Study paid for by Beef Council, tries to gain credibility

protect the wolves

Bob did a good Job at ridiculing the study, but could use some assistance, so we volunteered to educate the Public.

You forgot to mention just how biased the whole “20” minute Results were being paid for by the Oregon Beef Council… to go along with how much Ranchers Love their Cows…. sure do…. all the way to the bank with no remorse on methods of slaughter.
  Ranchers Should be prohibited from owning any more livestock than their own land will support on its Own. That means no imported feed btw. Being the single largest source of destruction to our environment, right behind humans justifies that request…
That study is a sad attempt to once again place a shadow over Our Sacred Species.  Would have been better to have had a Traditional Native American response in there Winking smile Although with all of the corruption, greed and influence coming out of the Cattlemen’s Groups…..  probably wouldn’t have made any difference. Especially these days…. when a Reporter promises to print the real study….. they don’t even come close as evidenced by Our last Interviews in Wyoming.

So right away the Burns-based animals have home-field advantage.

Not to mention the fact that the Idaho-based herd might have been feeling a bit of stress if they thought they would have to spend the rest of their life in the remoteness that is Burns.

“The animals were separated into different pens scented with wolf urine. Wolf howls were piped in over a stereo. Three trained dogs that resemble wolves — two German shepherds and one collie-Alaskan malamute — paced outside the corral during the 20-minute study period.”

Yep, my college professors always told me there’s nothing like a 20-minute study period.

Bob we couldnt help but LOL, they couldnt even bother with a Peer Review like real Studies, Probably because Oregon Beef Council footed the bill

According to Cooke, “The cows from Burns couldn’t care less, but bloodwork from the cows from Idaho showed biomarkers indicating extreme stress.”

Yes Bob, thats because they were just shipped on a truck, thinking it was their last ride!

That’s what 20 minutes in Burns will do to you.

Trust me on this. I’ve been there.

In the decades-long battle between those who love wolves and those who raise cattle, a new study from Oregon State University suggests that cattle that witnessed a wolf attack on their herd never forget the experience.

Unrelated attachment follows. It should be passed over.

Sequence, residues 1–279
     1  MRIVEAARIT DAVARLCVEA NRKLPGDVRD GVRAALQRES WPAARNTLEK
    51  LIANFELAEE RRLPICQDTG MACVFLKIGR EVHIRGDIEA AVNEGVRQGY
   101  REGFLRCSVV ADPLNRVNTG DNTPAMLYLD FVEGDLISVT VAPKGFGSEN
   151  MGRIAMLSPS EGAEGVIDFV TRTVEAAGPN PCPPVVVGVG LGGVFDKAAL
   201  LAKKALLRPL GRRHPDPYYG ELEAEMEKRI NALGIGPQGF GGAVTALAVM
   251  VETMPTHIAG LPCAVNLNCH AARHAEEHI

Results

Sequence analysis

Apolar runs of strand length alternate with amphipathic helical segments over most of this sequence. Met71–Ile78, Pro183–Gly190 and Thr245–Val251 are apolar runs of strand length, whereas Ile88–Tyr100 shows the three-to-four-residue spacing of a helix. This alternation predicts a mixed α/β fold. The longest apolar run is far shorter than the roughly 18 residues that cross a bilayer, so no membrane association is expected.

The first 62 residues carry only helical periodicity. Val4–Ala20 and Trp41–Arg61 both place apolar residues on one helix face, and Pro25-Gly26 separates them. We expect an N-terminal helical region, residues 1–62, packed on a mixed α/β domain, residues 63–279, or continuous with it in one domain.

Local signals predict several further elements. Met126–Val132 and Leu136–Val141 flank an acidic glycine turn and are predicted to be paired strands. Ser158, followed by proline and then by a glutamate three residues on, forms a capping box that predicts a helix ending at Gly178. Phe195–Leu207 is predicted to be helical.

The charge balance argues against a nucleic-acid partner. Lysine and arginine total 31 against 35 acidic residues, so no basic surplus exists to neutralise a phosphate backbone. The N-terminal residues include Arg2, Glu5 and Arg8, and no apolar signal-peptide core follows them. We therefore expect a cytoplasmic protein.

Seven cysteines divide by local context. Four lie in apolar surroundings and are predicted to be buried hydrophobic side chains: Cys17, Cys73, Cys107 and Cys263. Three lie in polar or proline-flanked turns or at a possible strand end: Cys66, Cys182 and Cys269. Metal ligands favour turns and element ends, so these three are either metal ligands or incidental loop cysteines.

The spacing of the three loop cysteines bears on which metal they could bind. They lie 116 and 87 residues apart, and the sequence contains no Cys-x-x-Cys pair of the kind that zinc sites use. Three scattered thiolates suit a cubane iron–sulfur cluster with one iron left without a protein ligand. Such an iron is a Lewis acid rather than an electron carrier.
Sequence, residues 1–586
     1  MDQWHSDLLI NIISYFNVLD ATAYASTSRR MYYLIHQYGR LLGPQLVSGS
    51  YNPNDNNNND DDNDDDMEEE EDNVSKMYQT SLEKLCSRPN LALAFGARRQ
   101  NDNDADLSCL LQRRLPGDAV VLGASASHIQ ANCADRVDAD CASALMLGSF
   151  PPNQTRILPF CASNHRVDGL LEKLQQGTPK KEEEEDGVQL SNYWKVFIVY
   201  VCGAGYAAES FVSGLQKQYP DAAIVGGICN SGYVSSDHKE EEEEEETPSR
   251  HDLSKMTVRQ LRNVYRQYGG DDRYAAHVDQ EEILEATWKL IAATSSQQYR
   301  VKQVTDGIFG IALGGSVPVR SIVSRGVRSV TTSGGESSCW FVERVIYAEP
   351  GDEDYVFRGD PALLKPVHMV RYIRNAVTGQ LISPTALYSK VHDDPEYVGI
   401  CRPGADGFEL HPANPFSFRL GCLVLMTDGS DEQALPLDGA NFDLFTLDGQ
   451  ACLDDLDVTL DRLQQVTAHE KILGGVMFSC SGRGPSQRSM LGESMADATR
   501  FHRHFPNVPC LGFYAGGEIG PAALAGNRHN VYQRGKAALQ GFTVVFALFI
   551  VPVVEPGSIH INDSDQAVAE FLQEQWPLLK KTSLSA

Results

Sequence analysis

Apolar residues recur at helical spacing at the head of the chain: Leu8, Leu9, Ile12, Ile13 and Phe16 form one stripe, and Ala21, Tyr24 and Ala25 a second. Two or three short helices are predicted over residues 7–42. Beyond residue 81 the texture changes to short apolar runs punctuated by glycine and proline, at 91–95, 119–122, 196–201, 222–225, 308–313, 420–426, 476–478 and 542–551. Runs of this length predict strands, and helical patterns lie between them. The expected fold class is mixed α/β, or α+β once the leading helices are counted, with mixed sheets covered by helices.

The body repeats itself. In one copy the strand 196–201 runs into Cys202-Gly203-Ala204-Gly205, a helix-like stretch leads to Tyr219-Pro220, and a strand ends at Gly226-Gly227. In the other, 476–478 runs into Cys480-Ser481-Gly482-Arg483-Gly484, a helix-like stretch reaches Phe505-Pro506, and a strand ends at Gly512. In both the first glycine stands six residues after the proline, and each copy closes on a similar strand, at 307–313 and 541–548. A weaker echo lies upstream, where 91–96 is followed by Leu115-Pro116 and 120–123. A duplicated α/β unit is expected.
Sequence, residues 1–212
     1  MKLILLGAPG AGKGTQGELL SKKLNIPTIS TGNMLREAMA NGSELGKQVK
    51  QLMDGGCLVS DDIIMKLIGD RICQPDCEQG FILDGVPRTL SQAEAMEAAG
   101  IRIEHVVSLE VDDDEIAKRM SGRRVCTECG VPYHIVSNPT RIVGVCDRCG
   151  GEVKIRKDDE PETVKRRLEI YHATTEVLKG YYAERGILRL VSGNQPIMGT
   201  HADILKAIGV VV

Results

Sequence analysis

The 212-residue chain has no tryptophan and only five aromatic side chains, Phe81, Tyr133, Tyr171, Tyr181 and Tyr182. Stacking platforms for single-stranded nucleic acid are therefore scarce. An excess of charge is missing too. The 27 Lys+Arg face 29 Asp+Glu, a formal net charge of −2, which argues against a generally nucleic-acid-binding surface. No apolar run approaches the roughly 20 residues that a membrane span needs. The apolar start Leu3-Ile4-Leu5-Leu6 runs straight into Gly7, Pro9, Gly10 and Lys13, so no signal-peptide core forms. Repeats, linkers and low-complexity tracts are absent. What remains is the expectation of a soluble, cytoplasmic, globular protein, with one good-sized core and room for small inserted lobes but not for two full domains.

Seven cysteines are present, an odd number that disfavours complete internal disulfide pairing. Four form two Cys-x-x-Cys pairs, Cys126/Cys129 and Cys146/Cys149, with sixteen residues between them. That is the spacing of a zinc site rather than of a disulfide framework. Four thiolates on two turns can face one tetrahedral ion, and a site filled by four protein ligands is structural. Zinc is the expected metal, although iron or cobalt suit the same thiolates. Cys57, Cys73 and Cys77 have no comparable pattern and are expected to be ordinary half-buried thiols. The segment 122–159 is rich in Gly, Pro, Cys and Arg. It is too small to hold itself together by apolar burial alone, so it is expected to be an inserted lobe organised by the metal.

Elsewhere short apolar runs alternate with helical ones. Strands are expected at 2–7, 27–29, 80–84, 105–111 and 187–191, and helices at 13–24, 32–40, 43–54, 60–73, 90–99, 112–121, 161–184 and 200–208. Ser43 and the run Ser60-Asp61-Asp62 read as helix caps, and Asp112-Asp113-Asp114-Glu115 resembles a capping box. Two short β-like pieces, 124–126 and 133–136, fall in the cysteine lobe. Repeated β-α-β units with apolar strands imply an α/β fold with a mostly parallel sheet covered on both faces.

Which, I suppose, is no surprise. Then again, if cattle worry about their own mortality, they should be more concerned with the folks raising them than with a pack of hungry wolves.

I learned about the innermost fears of cows from reading Andrew Theen’s piece in The Oregonian, one of the few “statewide” newspapers remaining in our country.

Wrote Theen, “Cows whose herd comes under attack by wolves remember the experience and show symptoms similar to post-traumatic stress disorder, Oregon researchers say.”

I’m not sure cows can experience anything even remotely akin to PTSD, but the story did catch my attention.

Theen cites a study by Oregon State professor Reinaldo Cooke that appeared recently in the Journal of Animal Science, which explains why I missed it the first time.

“When wolves attack a herd of cattle, Cooke said in an interview, the surviving animals’ life experience is ‘completely altered’ by the event.

Animals become jumpier around humans and pets, the cows give birth to smaller calves, and the animals are more likely to get sick.”

Full disclosure, Cooke’s study was paid for by the Oregon Beef Council, which was no doubt pleased with its findings.

Noted Cooke, “Those cows are grazing out there, man, and they know what wolves can do. Every time they hear wolves howling, even if it’s two miles away, they go through the stress process. Every time they do that, they don’t eat, they’re always on alert.”

Fair enough, but I suspect that’s a concern best raised with Mother Nature.

“Oregon Wild, a nonprofit environmental advocacy group, criticized the use of PTSD to describe nature. ‘PTSD is a very serious condition afflicting millions of Americans,’ Oregon Wild said in a statement. ‘It is incredibly disrespectful for it to be used by an industry association to make a point that should be obvious to anyone who has ever seen a nature documentary: prey don’t like predators.’ ”